I wanted to confirm that we will be working at both the Gus Fruh trail area and the Homedale trail area this coming Saturday, which is National Public Lands Day. We’re part of a much larger effort being organized through the Austin Parks Foundation to do work at the Homedale and Spyglass areas, and along the main trail from Spyglass entry upstream to the Gus Fruh trail. A lot of the emphasis will be on invasives removal, now that the nesting birds have completed their mission. At Gus Fruh, the rock wall work will also continue. We will also do some minor trail repairs and clean-up.

In preparation for this work day, John Cook, PARD’s Barton Creek Greenbelt manager, met with a fire safety expert to get advice on how to best safely manage our work during this severe drought with accentuated fire hazards. Many trees are desiccated and dying from lack of water. John asked about the safety of our practice of creating windrows to deal with the large amounts of biomass produced by cutting down the large invasive trees. The advisor said that as long as the windrows are packed tight, close to the ground, and with minimal air flow potential, they are a practical and safe solution. He said it is safer to cut them down than to leave them standing with their dried leaves, which can act a bit like roman candles, sending the flames upward into the canopies. In working with smaller stems, limbs, and canes, he advised defoliating them and splitting the forks, and scattering them about on the ground to decompose rapidly. Where we can do so, he supported our efforts to chip the trunks and large limbs into mulch and spread it near the cleared area. It was reassuring to hear his positive assessment of our practices.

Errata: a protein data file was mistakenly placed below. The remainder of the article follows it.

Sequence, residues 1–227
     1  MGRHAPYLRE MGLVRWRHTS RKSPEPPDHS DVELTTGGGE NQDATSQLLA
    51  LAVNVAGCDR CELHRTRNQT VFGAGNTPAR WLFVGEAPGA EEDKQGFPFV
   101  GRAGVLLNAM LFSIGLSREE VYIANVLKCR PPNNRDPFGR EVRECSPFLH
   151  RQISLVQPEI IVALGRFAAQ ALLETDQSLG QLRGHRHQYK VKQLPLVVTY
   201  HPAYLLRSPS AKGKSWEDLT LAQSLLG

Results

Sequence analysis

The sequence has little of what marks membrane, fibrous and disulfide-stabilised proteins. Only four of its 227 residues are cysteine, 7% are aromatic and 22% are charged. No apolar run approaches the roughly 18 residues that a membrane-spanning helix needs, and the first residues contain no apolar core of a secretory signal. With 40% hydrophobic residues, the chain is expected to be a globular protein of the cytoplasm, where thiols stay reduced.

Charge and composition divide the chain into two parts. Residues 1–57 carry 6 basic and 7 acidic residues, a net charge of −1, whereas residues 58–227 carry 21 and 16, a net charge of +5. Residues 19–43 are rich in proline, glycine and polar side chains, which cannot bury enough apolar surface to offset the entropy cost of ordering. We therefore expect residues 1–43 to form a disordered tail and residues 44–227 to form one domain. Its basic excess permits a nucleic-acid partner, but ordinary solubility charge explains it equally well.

For this work day, we will have help from E-Corps and some of our experienced volunteers in using chainsaws to remove large invasive trees, and we will have volunteers working alongside them to immediately form tight windrows. We will also be hauling some of the large trunks and dried wood to the main trail near Spyglass to stockpile for chipping later next week. The chipped wood/mulch will decompose more rapidly and when it is spread, will help hold moisture in the soil (whenever we get it!) and reduce soil temperatures.

In the spirit of fire preparedness, we would like to invite our neighbors who back up to or live near the greenbelt to work in their own backyards or adjacent greenbelt areas this Saturday to clear out deadwood and reduce the risk of fire. The City picks up yard waste every week if it is left at the curbside, either in tied bundles or in trash cans. If you RSVP here, we will add you to our workday list and you can sign in at the Gus Fruh trail entry between 8:30 and 9:00, enjoy a breakfast taco and the group camaraderie, then return to your yard to do your own clearing work. If you need to borrow some tools, let us know right away, so we can have them available for you at the trailhead.

REGISTER for National Public Lands Day projects at the Barton Creek Greenbelt

We’re looking forward to another good work day, and thank you for your support!

Glee Ingram
Greenbelt Guardians Coordinator
(512) 443-7522